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Posts Tagged ‘deficit reduction’

FY’16 Appropriations Expected to Follow More Torturous Path

  • December 16, 2014
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The fiscal 2015 omnibus spending package cleared by Congress this past week experienced its share of twists and turns as elements of both parties attempted to remove objectionable provisions, but on the whole its passage represented a mostly bipartisan process that likely won’t be duplicated in the 114th Congress. Negotiations over the “CRomnibus” did not focus on spending allocations because that issue already had been settled last year as part of the budget deal between Sen. Patty Murray (D-Wash.) and Rep. Paul Ryan (R-Wis.) that relaxed the defense and non-defense spending caps for FY 2014 and 2015 …

Decision on Next Round of Army Restructuring Expected by Next Summer

  • December 14, 2014
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The Army likely won’t announce until June how it will realign its forces as it eliminates up to 70,000 soldiers by fiscal 2020, according to comments made at a listening session for Fort Leavenworth, Kan., last week. The Army — which already is slated to trim its active-duty forces from 562,000 to 490,000 by the end of FY 2015 — now is gathering public input at 30 installations with the potential to lose between 2,500 and 16,000 military and civilian personnel by the end of a second round of troop cuts needed to accommodate stringent budget caps. If Congress does not offer the Pentagon any relief from the spending caps, the Army’s active-duty end strength could fall to 420,000 …

BRAC Tops the Alternative, McHugh Says

  • December 10, 2014
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A new round of base closures would be the least painful way for the military to cope with the spending cuts forced by the 2011 Budget Control Act, Army Secretary John McHugh said during a ceremony this week at Fort Drum honoring the 10th Mountain Division. One alternative to BRAC that would generate savings for the Army would be to continue downsizing actions at installations across the country, as was the case earlier this year when the post experienced the loss of a brigade and about 1,500 soldiers …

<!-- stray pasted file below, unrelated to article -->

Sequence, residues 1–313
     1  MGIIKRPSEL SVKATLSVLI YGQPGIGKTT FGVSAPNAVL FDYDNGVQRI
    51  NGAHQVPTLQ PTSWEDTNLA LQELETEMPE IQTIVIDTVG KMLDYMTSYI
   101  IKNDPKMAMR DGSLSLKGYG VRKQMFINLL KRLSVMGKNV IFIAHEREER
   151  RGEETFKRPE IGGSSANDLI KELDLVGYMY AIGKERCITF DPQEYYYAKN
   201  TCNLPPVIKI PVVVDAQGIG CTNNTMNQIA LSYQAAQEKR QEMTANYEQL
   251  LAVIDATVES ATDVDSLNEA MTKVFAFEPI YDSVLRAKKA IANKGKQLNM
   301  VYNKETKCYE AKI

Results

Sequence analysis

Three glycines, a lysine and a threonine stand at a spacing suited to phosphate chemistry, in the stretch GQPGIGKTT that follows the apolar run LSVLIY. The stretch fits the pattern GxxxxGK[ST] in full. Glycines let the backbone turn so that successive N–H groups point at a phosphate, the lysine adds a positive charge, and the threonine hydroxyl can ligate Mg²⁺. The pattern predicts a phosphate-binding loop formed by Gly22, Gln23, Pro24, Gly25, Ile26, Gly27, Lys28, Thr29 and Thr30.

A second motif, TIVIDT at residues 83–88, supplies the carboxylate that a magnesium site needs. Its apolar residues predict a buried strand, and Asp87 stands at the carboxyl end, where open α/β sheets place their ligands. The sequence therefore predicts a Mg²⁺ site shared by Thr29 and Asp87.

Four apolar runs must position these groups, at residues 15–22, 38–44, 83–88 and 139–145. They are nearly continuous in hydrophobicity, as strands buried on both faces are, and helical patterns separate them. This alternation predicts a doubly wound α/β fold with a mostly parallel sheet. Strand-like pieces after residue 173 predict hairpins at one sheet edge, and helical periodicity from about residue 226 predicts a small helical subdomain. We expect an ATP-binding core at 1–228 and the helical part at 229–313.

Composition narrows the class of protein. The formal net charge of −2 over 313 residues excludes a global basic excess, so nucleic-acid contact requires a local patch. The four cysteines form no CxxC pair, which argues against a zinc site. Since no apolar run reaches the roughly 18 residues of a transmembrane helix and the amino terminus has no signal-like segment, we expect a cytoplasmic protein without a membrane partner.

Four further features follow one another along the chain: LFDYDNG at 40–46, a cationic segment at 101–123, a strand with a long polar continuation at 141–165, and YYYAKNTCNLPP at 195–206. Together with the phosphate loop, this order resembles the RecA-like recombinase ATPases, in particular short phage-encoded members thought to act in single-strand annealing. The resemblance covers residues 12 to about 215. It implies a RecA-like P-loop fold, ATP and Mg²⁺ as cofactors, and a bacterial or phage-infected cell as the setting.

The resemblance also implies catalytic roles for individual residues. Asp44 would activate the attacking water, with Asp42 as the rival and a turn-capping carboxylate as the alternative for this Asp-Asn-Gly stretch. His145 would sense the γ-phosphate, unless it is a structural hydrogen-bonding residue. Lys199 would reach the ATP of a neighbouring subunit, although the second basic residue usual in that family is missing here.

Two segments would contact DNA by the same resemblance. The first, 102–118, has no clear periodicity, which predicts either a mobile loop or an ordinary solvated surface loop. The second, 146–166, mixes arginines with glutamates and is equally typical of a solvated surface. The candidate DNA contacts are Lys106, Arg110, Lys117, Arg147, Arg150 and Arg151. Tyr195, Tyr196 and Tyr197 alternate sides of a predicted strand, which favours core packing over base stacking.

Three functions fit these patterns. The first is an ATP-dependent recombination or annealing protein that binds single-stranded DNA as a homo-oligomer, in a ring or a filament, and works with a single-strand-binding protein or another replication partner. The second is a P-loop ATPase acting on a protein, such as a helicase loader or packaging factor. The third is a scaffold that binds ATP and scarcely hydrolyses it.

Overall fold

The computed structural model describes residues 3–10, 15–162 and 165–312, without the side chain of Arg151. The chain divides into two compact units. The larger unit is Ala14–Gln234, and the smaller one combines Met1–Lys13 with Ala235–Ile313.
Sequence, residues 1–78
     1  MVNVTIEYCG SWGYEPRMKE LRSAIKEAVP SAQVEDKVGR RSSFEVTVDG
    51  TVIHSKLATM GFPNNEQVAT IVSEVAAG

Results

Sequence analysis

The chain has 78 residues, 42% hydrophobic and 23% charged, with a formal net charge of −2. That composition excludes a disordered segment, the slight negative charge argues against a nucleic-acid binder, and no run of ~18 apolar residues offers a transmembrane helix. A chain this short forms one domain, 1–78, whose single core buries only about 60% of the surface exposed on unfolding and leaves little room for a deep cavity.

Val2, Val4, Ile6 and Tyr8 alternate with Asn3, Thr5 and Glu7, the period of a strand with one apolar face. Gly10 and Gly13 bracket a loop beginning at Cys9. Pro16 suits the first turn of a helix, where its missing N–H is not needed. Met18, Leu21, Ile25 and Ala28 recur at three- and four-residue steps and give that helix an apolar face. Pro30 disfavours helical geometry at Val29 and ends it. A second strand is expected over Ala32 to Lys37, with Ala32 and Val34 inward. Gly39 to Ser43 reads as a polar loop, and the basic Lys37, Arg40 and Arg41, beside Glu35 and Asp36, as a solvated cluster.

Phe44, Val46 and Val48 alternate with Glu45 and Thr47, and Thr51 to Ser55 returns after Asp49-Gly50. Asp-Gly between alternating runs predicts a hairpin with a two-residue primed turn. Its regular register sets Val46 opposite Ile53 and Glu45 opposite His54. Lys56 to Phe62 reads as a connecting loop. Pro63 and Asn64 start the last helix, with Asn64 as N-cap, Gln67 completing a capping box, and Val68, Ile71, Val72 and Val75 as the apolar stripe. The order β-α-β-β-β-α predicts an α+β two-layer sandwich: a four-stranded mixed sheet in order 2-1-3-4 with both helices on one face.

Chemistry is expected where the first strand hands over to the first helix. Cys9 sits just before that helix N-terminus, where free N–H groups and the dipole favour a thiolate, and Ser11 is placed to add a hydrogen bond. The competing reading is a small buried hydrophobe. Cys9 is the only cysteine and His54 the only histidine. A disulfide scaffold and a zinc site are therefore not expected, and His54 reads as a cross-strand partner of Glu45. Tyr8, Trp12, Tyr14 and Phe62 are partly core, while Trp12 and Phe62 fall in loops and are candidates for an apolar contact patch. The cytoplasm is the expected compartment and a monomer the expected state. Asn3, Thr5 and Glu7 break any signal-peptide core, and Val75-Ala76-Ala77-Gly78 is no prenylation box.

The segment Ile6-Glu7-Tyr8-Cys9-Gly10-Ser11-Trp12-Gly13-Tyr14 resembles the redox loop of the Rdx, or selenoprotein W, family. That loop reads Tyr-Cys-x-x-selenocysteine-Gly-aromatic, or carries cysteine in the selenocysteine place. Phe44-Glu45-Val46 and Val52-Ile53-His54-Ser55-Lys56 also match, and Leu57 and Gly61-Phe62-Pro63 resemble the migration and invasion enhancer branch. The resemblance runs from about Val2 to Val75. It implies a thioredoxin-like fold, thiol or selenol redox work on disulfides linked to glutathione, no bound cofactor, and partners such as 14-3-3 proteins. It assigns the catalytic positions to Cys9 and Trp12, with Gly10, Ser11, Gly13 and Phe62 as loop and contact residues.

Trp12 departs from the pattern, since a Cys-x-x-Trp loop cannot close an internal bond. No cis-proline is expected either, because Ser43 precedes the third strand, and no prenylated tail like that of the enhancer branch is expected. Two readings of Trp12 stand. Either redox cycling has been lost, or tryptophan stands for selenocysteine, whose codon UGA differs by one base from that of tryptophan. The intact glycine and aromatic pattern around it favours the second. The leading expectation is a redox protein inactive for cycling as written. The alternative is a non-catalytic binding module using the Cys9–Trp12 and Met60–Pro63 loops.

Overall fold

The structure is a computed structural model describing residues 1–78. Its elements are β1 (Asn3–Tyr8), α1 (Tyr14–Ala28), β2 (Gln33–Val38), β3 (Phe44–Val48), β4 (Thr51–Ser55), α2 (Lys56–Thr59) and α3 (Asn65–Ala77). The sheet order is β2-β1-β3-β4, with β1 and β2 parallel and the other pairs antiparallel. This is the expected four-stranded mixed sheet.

Congressional Leaders Reach Deal on Compromise Spending Bill

  • December 9, 2014
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Congressional leaders Tuesday night unveiled a $1.1 trillion spending package that includes fiscal 2015 appropriations bills for all government agencies except for the Department of Homeland Security. The delayed release of the compromise legislation may force lawmakers to stay in Washington past Thursday, when the current continuing resolution (CR) expires, and require them to pass a CR for two or three days. The House is expected to take up the “CRomnibus” — a package of 11 individual spending bills and a CR lasting through Feb. 27 for Homeland Security — on Thursday, with the Senate most likely voting in the following days …

Authorization Bill Calls for Moderate Cut to Commissary Subsidy

  • December 9, 2014
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The compromise version of the fiscal 2015 defense authorization bill supports trimming the federal subsidy for military grocery stores by $100 million for one year, significantly scaling back the Pentagon’s cost-cutting proposal. The Defense Department asked for a $200 million cut in the annual direct subsidy for commissaries in FY 2015 as part of a plan to reduce the government’s annual subsidy for commissaries from $1.4 billion to $400 million over three years. Fully imposing the proposal would slash the average savings on groceries from 30 percent to 10 percent …

Defense Spending Will Dominate Next Secretary’s Schedule